PRIVATE institutions have turned their attention to engineering degrees, to keep up with industry demands. Some, like PSB Academy and Management Development Institute of Singapore (MDIS), have set up laboratory facilities and brought in machinery for students to use.
This comes as engineering jobs rank among the top 10 unfilled positions for the third year in a row. Young people, even those with engineering qualifications, tend to shun the profession for other fields such as finance and banking as they perceive it to be dull, not as high-paying and involving work that gets their hands dirty.
But while engineering jobs are not popular, engineering degrees continue to be in demand, with local universities offering programmes with overseas partners such as London’s Imperial College to attract each cohort’s best. Last year, Nanyang Technological University accepted 2,800 engineering students, and National University of Singapore took in 1,500. These figures were about the same as those in the previous year.
The number trained by local universities will rise further with new offerings from Singapore University of Technology and Design (SUTD) and Singapore Institute of Technology (SIT). The bulk of SUTD’s first intake of 340 students in 2012 will graduate this year with an engineering degree. Last year, SIT introduced two of its own degrees in infrastructure engineering and software engineering.
Noting this demand, private schools are offering engineering qualifications. Last year, PSB Academy started offering an electrical and electronic engineering degree by Britain’s Coventry University. This is on top of two degree courses in electrical and mechanical engineering that the academy runs with Australia’s University of Newcastle.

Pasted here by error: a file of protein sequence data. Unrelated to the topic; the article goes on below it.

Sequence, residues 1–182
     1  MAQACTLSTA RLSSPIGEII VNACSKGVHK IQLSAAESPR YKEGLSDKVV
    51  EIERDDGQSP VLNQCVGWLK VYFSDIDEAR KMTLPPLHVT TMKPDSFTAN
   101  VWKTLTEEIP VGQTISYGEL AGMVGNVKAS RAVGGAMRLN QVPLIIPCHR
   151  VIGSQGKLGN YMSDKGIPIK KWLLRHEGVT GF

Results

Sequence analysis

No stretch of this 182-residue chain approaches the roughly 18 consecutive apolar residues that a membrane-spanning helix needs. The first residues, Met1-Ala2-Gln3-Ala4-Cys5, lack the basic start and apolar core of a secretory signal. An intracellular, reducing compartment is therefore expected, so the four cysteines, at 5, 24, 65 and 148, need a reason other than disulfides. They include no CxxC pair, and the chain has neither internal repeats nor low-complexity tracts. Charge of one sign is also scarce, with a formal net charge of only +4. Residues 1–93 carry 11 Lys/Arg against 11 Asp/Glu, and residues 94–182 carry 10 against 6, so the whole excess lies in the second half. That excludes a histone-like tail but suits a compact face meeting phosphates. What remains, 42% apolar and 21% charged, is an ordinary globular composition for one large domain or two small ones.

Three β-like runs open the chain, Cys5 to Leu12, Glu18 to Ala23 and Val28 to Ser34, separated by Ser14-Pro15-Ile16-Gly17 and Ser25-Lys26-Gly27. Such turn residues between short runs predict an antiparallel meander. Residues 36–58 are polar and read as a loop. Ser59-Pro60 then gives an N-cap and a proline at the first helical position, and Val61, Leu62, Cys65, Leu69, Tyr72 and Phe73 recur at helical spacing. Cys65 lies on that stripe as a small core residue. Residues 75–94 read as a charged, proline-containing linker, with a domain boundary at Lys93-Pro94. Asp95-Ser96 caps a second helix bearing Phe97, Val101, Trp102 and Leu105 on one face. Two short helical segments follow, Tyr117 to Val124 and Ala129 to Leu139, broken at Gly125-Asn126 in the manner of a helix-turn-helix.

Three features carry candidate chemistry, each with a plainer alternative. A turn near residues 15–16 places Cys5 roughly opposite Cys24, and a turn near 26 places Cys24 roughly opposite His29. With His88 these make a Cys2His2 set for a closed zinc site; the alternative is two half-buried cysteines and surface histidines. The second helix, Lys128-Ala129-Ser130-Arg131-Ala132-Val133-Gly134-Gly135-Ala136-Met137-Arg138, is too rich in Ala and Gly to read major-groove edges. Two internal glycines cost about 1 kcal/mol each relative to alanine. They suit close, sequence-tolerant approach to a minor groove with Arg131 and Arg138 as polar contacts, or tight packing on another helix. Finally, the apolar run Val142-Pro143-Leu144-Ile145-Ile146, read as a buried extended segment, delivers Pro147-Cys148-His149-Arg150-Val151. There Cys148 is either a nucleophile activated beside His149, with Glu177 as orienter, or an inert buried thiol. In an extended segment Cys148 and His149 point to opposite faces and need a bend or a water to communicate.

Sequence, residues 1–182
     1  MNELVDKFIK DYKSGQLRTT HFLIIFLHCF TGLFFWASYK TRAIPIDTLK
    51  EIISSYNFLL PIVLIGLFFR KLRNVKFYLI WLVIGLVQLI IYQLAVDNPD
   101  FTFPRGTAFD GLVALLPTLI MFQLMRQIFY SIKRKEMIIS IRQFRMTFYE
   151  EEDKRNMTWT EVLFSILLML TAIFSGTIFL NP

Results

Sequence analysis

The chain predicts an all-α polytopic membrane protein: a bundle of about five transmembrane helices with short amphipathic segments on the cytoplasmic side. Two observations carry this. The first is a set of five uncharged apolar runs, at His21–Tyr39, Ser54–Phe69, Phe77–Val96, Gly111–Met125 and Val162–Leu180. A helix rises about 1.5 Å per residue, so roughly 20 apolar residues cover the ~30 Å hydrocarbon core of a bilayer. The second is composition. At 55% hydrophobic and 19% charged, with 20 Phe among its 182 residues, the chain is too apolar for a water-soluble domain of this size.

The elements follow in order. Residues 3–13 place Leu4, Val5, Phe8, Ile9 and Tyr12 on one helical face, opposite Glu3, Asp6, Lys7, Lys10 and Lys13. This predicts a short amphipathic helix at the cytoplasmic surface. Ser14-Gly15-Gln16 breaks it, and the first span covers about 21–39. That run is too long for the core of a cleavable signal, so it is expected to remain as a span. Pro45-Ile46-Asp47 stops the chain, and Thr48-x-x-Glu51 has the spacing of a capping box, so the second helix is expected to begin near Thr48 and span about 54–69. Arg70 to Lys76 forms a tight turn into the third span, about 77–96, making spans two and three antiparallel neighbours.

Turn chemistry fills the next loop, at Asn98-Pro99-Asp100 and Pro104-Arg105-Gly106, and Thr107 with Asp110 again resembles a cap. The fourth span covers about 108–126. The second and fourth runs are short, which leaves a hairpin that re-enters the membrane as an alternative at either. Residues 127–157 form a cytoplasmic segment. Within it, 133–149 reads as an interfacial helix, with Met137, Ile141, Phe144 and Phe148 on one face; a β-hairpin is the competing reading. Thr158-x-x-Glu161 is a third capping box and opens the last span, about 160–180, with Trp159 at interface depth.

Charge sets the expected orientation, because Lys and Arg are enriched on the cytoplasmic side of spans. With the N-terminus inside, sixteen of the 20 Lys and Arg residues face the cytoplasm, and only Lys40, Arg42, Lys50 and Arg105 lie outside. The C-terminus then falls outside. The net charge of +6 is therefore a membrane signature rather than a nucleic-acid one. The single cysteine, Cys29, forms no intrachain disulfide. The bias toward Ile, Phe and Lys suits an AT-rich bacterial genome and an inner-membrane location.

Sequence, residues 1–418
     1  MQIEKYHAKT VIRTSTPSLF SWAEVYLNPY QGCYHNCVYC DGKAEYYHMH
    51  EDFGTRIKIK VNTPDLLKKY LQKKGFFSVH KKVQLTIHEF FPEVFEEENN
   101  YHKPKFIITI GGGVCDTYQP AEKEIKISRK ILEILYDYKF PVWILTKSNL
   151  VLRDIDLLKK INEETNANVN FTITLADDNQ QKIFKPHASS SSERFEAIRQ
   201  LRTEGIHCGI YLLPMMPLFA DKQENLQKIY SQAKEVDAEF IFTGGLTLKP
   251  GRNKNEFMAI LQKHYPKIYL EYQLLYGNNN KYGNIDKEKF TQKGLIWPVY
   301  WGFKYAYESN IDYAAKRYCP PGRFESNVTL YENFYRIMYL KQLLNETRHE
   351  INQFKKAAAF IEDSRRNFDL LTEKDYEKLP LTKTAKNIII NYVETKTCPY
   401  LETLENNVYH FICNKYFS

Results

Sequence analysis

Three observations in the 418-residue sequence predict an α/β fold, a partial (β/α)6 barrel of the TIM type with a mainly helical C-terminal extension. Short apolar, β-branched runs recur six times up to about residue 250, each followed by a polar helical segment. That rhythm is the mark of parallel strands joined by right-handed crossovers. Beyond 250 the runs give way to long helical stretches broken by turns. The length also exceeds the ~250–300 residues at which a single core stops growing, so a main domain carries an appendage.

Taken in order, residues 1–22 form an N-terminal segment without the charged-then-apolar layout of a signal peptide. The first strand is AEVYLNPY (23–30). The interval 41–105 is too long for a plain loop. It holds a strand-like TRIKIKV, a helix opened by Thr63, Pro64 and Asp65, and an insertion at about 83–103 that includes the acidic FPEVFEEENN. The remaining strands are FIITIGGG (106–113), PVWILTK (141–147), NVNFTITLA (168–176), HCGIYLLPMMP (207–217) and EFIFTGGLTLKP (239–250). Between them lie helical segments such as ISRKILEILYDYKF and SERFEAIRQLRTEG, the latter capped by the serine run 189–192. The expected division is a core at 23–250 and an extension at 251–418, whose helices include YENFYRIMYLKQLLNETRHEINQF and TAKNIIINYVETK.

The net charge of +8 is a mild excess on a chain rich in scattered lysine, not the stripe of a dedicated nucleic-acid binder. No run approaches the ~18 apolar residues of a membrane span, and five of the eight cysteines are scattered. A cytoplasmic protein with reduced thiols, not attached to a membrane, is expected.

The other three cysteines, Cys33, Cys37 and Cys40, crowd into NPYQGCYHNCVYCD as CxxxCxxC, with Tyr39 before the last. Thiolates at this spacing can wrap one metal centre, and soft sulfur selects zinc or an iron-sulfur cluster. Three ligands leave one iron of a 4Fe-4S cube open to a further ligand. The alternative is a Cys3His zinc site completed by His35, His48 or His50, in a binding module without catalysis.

In 2011, MDIS introduced degrees in electrical and electronic engineering, and mechanical design engineering, which took in more than 50 students. These now have about 350 students. MDIS also started a new product design engineering degree last year.
It let polytechnic graduates with relevant diplomas complete these two courses in a year instead of the usual three. MDIS’ senior director Tan Gek Khim said: “The top-up programmes, specifically, were introduced to meet the demand from polytechnic graduates who wish to upgrade their qualifications.”
The school has built three workshops and laboratories with equipment such as 3D printers and machines for welding and plasma cutting to let students hone their skills.
Similarly, PSB Academy will be bringing in 3D printers and scanners for students. It has four labs and three rooms with electrical, mechanical and physics equipment. Mr Kenneth Tay, 28, who joined its mechanical engineering degree course from the University of Newcastle, said not many private schools offered engineering courses five years ago.
“I was considering going overseas to study, but I was looking for a shorter route as I want to start work soon,” said the former Institute of Technical Education student. He did a Higher Nitec in electronics and electrical engineering in 2008, and hopes to work in the silicon chip industry. At least three other institutions, including James Cook University Singapore, are exploring the possibility of engineering degrees.
Kaplan Singapore is wrapping up discussions with Australia’s RMIT University to offer degrees in mechanical and aerospace engineering, which will start in the second quarter of the year. Students may spend part of these courses at RMIT’s laboratory facility in Melbourne to gain practical experience.
Kaplan Singapore’s president Leon Choong said these new degrees “are in response to the increasing trend we see of large aerospace companies such as Rolls Royce and Pratt and Whitney setting up their operations and manufacturing facilities in Singapore”.
Similarly, the East Asia Institute of Management is looking to start aeronautical and mechanical engineering degrees in one to two years’ time. It may also launch a master’s degree in engineering. Its principal and executive chairman Andrew Chua said: “We are aware that setting up engineering labs to support the practical aspects of engineering education is necessary and can be expensive. However, as a considerable part of engineering lab work revolves around the use of computer simulations, cost is not a major factor in the provision of a good engineering degree.
Article by Amelia Teng
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